Three Data Points That Point to the Health of the Subscription Economy

Has subscription growth peaked?  Are people canceling their subscriptions en masse?  Recent articles like “The Great Unsubscribe”[1] and “This is Peak Subscriptions”[2], along with disappointing results from Netflix, seem to indicate that the answer is yes.  However, the reality points to a different answer.


This article elaborates on three data points that appear to illustrate that the subscription economy is actually quite healthy.


The Source of the Data

Zuora Subscribed Institute publishes the Subscription Economy Index (SEI), which looks to track the performance of companies that offer subscription-based pricing plans.[3]  The Institute also compiles data about the companies underlying their index.


Their latest findings suggest that, although the subscription industry is moderating from the heady growth it experienced during the COVID-19 pandemic, it is still doing well.[4]


Churn, Churn, Churn

Churn is the rate at which customers stop doing business with a company.  It is calculated by comparing the number of lost customers to the total number of customers at the start of the period.


Zuora found that the churn rate for companies in the SEI declined by 19% in the March to May 2022 (post-pandemic) period versus the same period in 2019 (pre-pandemic).  It has also declined by 11% when comparing May 2022 to March 2022.  Zuora reported that much of the recent churn is concentrated in high-profile streaming services.


Yes, The Rate of Subscription Growth Declined

According to Zuora, the rate of subscription growth is declining.  In fact, the data shows that growth has slowed by up to 60% in the post-pandemic period relative to the pre-pandemic period, depending on geography and industry.  However, it should be noted that the number of subscriptions is still growing, just by a smaller amount.  This should not be surprising given the growth experienced during the pandemic.


Spending Per Subscription Is Rising

Zuora noted that revenue per subscription is three times higher in the post-pandemic period compared to the pre-pandemic period.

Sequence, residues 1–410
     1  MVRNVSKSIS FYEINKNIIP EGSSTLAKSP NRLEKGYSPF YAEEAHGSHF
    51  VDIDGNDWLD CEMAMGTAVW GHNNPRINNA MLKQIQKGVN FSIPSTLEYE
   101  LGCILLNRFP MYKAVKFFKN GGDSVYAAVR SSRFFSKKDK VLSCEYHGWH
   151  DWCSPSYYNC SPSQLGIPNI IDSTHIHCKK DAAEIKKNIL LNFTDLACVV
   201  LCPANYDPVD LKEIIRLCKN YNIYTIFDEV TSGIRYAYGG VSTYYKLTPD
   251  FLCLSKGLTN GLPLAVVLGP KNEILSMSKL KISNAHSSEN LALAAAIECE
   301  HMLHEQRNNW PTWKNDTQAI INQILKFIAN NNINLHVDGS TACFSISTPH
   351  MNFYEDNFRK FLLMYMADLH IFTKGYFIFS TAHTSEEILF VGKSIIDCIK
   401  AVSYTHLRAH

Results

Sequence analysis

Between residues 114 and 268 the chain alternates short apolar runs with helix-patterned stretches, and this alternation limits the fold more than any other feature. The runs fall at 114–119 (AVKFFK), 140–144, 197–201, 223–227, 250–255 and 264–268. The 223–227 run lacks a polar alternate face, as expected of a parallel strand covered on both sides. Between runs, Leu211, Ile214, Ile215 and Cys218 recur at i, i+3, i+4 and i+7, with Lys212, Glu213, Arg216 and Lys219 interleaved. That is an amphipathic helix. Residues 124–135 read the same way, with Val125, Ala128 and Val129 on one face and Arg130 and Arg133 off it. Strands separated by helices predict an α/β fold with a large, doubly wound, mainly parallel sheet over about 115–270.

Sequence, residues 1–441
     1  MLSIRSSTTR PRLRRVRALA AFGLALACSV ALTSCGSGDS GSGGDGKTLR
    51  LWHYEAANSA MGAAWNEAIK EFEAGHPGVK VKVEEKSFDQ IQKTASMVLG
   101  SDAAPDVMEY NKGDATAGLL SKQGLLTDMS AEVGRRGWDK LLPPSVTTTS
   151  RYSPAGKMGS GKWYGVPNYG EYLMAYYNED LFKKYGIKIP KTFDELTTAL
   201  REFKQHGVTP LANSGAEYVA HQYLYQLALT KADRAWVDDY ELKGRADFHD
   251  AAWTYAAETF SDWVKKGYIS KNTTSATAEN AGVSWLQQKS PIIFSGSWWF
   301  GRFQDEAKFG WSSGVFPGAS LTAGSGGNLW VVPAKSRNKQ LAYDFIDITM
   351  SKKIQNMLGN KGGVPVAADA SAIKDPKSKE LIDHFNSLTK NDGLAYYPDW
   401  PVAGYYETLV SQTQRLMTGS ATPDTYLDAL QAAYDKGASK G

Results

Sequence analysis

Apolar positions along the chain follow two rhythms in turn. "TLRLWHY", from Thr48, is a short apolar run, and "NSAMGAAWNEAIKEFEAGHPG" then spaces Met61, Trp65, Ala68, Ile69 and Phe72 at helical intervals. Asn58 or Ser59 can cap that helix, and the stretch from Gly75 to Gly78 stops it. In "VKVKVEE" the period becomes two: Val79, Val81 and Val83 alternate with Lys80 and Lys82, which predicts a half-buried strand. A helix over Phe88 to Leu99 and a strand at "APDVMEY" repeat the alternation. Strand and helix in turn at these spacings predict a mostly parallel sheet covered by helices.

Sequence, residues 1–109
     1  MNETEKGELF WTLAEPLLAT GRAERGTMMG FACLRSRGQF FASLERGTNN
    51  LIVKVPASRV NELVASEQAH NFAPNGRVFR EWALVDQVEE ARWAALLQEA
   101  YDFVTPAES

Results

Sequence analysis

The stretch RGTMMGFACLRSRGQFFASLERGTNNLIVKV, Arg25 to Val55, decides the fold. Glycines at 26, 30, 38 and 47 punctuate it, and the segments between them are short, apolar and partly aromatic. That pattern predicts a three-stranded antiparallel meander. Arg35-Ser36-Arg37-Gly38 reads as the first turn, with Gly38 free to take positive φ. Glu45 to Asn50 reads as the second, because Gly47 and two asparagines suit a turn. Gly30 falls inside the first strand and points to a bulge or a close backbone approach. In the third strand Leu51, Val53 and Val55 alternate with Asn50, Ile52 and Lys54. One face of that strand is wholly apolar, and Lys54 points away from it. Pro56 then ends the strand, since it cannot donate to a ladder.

The Bottom Line

The data from Zuora indicates the following:

  • Companies appear to be doing a good job in retaining subscribers, as indicated by the lower churn rate
  • Subscriptions are still growing, just at a more moderate pace
  • The average spending per subscription has increased


All of this suggests that the subscription economy is still healthy and growing.


Companies that offer subscription-based pricing plans may present an attractive investment opportunity.


The Fount Subscription Economy ETF (SUBS)

The Fount Subscription Economy ETF (SUBS) seeks to provide investment results that, before fees

and expenses, generally correspond to the total return performance of the Fount Subscription

Economy Index.  The Index was designed to measure the performance of companies engaged in the business of providing subscription services, i.e., companies that sell products or services for recurring subscription revenue.


SUBS may present an attractive vehicle for individuals to gain exposure to companies offering subscription-based pricing models.


[1]Danzinger, Pamela N., The Great Unsubscribe, Forbes, 5/10/22

[2]Mull Amanda, This is Peak Subscription, The Atlantic, 3/3/22

[3]Unless otherwise noted, all data sourced from: Tzuo, Tien, Look at Data: Three Lessons on How Subscription Businesses Are Maintaining Growth, Zuora, July 2022

Bong-Geun Choi Chief Economist

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